> accommodations for those who must comply with General Data Protection
> Regulation (EU) 2016/679 ("GDPR") Arts. 15(3) and 20(1) but does not make
> those same accommodations for those who may be obliged to comply with
> similar requirements found in other data privacy laws. An additional
> permission or restriction granted specifically for a particular class or
> group is, on its face, non-compliance with OSD5/6. However, the license
> submitter said that this provision will be removed if it is the remaining
> 2. The mechanism of “public performance”: The health of an open source
> software project relies on a predictable and consistent understanding of
> what the license permits and what it requires for compliance. However, this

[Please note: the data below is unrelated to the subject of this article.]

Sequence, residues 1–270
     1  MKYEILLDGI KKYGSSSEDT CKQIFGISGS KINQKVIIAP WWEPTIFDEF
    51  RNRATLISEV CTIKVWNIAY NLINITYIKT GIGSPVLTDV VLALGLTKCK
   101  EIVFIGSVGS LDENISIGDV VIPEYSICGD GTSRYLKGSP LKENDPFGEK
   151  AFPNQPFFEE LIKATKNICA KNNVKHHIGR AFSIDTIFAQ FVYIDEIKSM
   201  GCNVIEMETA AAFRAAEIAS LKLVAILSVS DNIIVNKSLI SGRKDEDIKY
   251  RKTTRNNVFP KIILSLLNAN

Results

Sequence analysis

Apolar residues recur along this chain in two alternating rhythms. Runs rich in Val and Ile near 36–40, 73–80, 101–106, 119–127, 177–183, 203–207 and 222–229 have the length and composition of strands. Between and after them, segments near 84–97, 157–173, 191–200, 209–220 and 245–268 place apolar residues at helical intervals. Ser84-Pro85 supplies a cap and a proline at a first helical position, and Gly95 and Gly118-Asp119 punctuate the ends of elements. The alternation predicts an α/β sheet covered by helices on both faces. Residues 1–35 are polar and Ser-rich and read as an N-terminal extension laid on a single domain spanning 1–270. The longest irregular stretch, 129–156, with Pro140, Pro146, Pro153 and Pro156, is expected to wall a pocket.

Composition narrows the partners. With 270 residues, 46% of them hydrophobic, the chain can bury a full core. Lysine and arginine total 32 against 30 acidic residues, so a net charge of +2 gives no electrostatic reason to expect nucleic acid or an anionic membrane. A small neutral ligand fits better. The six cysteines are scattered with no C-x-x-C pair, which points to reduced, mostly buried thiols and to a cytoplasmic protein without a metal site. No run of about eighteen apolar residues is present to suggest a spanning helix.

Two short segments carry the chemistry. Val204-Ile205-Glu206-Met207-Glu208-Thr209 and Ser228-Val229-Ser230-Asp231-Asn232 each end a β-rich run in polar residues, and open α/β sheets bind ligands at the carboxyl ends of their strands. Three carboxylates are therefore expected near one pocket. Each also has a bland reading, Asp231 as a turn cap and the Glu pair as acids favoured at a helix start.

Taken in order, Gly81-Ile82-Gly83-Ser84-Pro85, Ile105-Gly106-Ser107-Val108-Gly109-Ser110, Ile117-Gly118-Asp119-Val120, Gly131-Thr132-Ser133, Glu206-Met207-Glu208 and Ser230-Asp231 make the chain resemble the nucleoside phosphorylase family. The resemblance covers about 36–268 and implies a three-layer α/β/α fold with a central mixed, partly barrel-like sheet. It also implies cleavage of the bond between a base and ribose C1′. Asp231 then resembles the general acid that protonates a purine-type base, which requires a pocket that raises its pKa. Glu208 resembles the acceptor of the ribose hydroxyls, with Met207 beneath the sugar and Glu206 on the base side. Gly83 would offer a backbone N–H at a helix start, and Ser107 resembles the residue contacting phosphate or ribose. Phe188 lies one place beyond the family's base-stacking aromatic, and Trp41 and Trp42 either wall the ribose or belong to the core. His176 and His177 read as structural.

> license uses a term specific to US law, which is “public performance.” The
> use of of a term found only in one jurisdiction’s body of law leads to the
> possibility of highly disparate outcomes under other legal systems. The
> license submitter suggests that public performance “appears analogous” to
> the EU concept of communication to the public,
> however, there is no reason to believe an EU court would find that the
> words “public performance” mean the same thing as “communication to the
> public” or that an EU court would view “communication to the public” as
> applying to APIs in the same way that the license submitter posits “public
> performance” does under US law. (A number of commenters on license-review
> also disagreed with the license submitter’s belief that under US law the
> right of public performance will extend to the use of APIs.) The submitter
> argues that the term is defined in the license and therefore does not rely